Where should the birds fly?

Between the 1st and the 3rd of May the UNESCO Chair for Refugee Integration through Languages and the Arts had its second annual Spring School, to talk about asylum and refuge from many different perspectives. And what a great success it was! Three days of presentations and workshops in the welcoming Heart of Scotstoun Community Centre in the West End of Glasgow. The School attracted academics (some from as far away as Australia!),
experts-by-experience, advocacy groups, integration networks and activists, and we talked, thought, laughed (even cried a bit) and enjoyed together the yummy food cooked for us by the great team at Küche.

nourishment
and more nourishment

The theme of this year’s Spring School came from a song by Karin Polwart, from her wonderful ‘Wind resistance’ album, which talks about the collective efforts of geese as they fly in a V formation. Birds thus featured prominently in most presentations and workshops, and our Palestinian Arabic taster was built around a line from a deeply moving poem by Mahmoud Darwish, called ‘The earth is closing on us’. The line says:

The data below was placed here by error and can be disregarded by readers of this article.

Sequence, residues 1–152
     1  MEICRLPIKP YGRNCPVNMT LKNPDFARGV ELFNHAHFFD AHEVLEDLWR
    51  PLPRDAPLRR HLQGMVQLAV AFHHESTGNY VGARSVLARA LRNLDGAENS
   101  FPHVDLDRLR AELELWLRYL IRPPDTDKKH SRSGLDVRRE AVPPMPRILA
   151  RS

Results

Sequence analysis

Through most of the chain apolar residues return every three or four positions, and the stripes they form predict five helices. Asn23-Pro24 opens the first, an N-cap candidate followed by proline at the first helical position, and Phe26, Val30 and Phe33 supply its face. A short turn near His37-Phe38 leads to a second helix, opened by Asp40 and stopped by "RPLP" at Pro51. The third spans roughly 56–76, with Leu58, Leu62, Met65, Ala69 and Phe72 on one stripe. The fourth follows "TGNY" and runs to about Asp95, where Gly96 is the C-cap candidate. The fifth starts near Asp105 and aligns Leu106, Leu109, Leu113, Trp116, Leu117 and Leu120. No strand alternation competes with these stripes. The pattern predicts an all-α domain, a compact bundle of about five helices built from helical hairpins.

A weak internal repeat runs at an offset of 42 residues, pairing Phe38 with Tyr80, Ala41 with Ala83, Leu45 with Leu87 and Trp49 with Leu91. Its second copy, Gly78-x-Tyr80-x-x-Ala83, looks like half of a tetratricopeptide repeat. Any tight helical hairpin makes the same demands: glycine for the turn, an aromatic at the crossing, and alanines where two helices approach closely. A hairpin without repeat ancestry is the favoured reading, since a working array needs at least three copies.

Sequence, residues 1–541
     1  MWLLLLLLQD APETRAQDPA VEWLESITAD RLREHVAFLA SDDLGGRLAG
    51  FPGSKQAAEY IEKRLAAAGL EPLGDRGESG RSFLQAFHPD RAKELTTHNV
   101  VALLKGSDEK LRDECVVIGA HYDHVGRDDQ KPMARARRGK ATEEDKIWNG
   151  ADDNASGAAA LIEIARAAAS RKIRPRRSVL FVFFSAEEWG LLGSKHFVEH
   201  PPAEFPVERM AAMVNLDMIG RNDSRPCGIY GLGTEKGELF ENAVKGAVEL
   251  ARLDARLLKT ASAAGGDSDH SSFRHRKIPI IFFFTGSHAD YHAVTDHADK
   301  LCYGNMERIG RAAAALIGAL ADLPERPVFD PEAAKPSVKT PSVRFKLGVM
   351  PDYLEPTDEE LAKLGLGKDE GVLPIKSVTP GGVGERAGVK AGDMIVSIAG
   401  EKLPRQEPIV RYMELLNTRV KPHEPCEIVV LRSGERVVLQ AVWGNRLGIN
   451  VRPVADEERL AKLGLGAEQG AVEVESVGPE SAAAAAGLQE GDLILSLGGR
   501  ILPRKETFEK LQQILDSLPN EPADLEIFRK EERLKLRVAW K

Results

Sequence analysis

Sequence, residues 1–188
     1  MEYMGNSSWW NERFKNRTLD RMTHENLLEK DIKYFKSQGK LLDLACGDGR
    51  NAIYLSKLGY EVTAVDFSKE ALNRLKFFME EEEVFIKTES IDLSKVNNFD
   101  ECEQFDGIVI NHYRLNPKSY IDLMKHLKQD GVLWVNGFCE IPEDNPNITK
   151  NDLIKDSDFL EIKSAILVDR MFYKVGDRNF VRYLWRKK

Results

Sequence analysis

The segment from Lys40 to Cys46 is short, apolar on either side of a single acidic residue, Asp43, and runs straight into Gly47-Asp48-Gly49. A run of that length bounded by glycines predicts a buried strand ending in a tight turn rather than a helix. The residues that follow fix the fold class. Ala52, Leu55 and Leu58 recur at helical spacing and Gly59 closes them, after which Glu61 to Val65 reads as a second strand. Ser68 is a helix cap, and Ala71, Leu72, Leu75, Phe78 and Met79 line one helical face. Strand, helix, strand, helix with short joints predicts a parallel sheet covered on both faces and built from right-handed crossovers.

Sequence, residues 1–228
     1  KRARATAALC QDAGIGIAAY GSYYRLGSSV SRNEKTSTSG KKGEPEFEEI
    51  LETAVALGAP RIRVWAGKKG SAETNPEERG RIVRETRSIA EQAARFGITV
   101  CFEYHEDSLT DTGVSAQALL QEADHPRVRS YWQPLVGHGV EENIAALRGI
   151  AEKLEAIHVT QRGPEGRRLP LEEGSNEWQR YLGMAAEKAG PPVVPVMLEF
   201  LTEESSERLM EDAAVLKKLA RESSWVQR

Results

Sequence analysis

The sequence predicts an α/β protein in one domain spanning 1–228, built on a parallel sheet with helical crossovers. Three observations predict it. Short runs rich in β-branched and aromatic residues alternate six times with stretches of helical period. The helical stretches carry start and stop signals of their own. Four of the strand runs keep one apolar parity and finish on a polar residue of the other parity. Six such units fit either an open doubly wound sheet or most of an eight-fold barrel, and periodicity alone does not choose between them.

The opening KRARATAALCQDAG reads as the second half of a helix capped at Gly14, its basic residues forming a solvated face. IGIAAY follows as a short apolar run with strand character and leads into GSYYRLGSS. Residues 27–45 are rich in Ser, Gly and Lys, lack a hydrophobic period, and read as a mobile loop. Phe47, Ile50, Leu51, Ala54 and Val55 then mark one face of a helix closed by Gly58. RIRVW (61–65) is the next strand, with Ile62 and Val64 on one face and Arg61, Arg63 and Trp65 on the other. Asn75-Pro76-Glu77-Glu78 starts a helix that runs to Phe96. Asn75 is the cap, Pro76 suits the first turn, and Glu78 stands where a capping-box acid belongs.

‘Where should the birds fly, after the last sky?’

So, at the workshop we learnt to greet and introduce ourselves in Arabic, but also the name of colours for squares of origami papers, which we then folded to make ‘asfour’, birds of many different colours. Arabic has two words for bird. One, ‘tayir’, indicates the general order of feathered animals, while asfour is used to refer to the little birds whose specific name we don’t quite know: the ones that dart around our cities and countryside, that sing – sometimes beautifully – and that can make us smile. All the little, colourful asafeer (this is the plural of asfour) we made at the workshop were collected at the end and gathered together on a piece of driftwood, so they could be displayed in the main hall for everyone to enjoy.

where should the birds fly?

Quite a few of the workshop’s participants said they want to learn Arabic with our friends and colleagues at the Arabic Center of the Islamic University of Gaza. All of them said they had had a wonderful time (and so did we!)

clothed in birds

Team member Alison delivered the keynote speech to mark the end of the Spring School, coming back to Karin Polwart’s birds, and dressed in the little asafeer of our Palestinian Arabic workshop.